This diagram set was adapted from Steven Begleiter's book 50 Lighting Setups for Portrait Photographers, published by Amherst Media. You can read an excerpt from it in the MOC Learning Center.To learn more about Steven Begleiter's books, view his work, and read his blog, visit his website.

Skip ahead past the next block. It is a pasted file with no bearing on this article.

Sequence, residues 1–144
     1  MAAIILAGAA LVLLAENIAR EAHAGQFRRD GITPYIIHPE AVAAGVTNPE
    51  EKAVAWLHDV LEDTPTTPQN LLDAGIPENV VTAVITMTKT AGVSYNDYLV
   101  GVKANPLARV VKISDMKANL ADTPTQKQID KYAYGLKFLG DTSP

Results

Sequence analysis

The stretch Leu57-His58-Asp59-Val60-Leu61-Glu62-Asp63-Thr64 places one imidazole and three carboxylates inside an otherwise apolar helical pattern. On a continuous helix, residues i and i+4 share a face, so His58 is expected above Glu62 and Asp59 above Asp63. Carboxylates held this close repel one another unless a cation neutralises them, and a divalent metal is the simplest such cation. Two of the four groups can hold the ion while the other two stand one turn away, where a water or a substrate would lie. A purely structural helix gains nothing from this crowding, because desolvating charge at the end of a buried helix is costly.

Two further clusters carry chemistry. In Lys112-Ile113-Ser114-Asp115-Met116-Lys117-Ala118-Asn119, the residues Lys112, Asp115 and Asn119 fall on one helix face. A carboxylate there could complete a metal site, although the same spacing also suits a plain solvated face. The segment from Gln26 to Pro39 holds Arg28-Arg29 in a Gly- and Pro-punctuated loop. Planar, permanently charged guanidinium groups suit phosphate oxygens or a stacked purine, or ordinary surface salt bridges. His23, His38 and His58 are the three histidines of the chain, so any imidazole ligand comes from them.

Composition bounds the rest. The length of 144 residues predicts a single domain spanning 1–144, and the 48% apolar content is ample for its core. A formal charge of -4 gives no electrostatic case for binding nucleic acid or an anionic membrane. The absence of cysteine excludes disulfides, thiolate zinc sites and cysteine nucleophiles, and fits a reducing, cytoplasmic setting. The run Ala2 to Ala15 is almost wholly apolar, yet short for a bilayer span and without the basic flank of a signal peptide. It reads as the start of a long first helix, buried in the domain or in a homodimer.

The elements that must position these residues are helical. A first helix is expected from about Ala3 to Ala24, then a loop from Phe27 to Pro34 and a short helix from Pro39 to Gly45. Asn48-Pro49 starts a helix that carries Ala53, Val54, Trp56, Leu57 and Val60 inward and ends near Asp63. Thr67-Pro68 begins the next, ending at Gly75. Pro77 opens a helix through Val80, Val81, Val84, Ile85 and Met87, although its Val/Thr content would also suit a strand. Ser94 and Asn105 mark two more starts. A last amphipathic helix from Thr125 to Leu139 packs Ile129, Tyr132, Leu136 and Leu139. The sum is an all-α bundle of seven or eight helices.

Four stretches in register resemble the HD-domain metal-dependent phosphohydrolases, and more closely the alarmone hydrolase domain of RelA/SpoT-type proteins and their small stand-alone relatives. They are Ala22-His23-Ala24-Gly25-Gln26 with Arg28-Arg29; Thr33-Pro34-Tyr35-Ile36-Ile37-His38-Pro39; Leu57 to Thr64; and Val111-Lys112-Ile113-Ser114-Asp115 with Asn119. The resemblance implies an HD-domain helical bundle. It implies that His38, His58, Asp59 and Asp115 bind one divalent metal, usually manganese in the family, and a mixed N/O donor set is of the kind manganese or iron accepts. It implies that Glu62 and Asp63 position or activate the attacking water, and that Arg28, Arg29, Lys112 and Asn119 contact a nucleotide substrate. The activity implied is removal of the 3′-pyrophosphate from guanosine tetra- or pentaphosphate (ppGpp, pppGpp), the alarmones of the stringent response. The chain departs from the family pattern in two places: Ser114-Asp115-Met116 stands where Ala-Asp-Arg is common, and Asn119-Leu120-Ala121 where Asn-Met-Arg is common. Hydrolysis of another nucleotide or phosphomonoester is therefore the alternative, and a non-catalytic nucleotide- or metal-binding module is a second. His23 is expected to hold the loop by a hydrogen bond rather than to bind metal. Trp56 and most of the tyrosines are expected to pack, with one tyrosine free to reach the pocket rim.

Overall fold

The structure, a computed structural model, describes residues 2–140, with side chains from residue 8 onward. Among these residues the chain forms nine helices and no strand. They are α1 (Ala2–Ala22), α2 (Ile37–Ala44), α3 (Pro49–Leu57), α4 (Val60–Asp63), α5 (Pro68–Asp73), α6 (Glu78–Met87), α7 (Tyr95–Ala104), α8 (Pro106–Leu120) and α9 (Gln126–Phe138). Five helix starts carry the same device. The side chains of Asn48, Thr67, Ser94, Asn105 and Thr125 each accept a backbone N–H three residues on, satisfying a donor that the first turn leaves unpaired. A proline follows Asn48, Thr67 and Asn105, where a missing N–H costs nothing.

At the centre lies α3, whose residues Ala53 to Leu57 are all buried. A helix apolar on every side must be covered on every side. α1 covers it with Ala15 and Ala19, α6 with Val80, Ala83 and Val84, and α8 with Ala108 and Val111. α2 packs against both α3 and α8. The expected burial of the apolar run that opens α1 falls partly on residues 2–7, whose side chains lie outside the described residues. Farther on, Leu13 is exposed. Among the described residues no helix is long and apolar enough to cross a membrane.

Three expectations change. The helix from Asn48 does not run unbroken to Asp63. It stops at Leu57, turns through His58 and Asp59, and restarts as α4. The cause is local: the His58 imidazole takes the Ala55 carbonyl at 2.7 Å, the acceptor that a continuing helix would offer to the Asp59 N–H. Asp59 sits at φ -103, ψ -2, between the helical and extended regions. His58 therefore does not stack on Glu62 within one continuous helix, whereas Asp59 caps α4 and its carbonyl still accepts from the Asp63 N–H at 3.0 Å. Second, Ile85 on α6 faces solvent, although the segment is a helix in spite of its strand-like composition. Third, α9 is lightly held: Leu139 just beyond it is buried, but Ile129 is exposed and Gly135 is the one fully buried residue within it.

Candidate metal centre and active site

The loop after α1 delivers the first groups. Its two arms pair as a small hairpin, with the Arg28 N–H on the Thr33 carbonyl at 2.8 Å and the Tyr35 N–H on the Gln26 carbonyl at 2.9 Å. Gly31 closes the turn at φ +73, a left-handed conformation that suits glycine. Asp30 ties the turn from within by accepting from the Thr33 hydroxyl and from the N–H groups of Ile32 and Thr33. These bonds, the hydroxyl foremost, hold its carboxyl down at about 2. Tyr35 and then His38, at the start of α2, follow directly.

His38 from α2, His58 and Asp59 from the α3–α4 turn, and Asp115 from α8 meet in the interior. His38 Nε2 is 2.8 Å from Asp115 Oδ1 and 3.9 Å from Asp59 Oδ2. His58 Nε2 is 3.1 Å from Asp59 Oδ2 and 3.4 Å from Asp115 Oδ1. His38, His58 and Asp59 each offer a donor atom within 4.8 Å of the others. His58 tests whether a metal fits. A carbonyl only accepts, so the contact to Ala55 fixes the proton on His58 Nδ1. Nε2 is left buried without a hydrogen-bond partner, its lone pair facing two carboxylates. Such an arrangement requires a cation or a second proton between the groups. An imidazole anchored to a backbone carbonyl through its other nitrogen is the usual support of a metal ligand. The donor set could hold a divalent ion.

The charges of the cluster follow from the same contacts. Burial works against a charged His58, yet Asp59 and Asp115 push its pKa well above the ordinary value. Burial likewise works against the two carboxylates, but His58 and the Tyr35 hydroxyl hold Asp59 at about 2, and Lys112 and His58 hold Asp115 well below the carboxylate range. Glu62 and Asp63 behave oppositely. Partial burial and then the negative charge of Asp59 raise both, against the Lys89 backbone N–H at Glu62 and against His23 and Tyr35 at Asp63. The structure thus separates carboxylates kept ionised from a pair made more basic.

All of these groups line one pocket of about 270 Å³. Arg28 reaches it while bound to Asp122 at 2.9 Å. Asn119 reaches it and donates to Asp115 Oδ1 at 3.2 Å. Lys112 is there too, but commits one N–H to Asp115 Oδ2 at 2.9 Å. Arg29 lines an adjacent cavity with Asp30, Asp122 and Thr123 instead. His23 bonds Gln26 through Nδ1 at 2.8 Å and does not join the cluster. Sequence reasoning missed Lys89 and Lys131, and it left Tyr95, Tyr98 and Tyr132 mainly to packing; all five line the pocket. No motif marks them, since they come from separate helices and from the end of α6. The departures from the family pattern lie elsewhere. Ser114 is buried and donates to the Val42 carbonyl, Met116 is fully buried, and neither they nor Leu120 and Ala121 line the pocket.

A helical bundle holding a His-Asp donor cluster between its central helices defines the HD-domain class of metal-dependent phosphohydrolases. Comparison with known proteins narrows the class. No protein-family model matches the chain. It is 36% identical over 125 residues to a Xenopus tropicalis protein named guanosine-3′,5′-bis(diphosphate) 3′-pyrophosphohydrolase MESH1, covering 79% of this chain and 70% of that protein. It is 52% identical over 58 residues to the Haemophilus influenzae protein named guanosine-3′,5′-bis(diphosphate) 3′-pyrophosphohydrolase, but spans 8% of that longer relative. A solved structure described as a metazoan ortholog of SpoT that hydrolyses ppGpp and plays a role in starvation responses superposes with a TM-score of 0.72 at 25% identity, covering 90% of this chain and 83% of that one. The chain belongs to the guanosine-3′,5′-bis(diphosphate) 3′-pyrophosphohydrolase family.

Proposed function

Assignment: The portrait of the author Deirdre MacNamer was taken for the magazine Distinctly Montana. Deirdre was coming out with her fourth novel and the magazine was writing a profile on her. Visual Objective: Deirdre is known as a "Montana Writer"; she writes about Montana and the (fictional) people who live here. I wanted to visually incorporate that geographic essence of her books, so I felt it was important to have mountains as a backdrop. In addition, I wanted to move away from the stereotypical "western wear." Fortunately, Deirdre dressed in designer black. The lime green coffee cup was for a splash of color. Posing: After scouting the location, I found a comfortable patio chair and a table. I had originally placed a laptop on the table and was going to have her pretend she was working on her next book, but it looked awkward. Instead, I opted for a pen and paper—the "old fashioned" writing props. I prompted her to breathe deeply a couple times and gaze into the lens. The Story: I was fortunate to meet with Deirdre before I actually photographed her. This gave me an opportunity to learn a little about her and see where she lived. I planned out four different images for the article while I was there. As a bonus, Deirdre also gave me an advance copy of her novel to read. It was early spring and I wanted to wait until there was more foliage on the trees, so we planned a session three weeks later. By the time I met her again for the session, I had finished her novel and felt like I knew her a little better—and she felt very comfortable around me. As a result, the session went very well and pretty quickly. Tips: The key to this session was preparation, but I did have a back-up plan just in case the weather didn't hold up. It was touch and go with the heavy clouds, but the weather gods were with me again. If you plan for the worst-case scenario, you will always be prepared to come away with a successful portrait.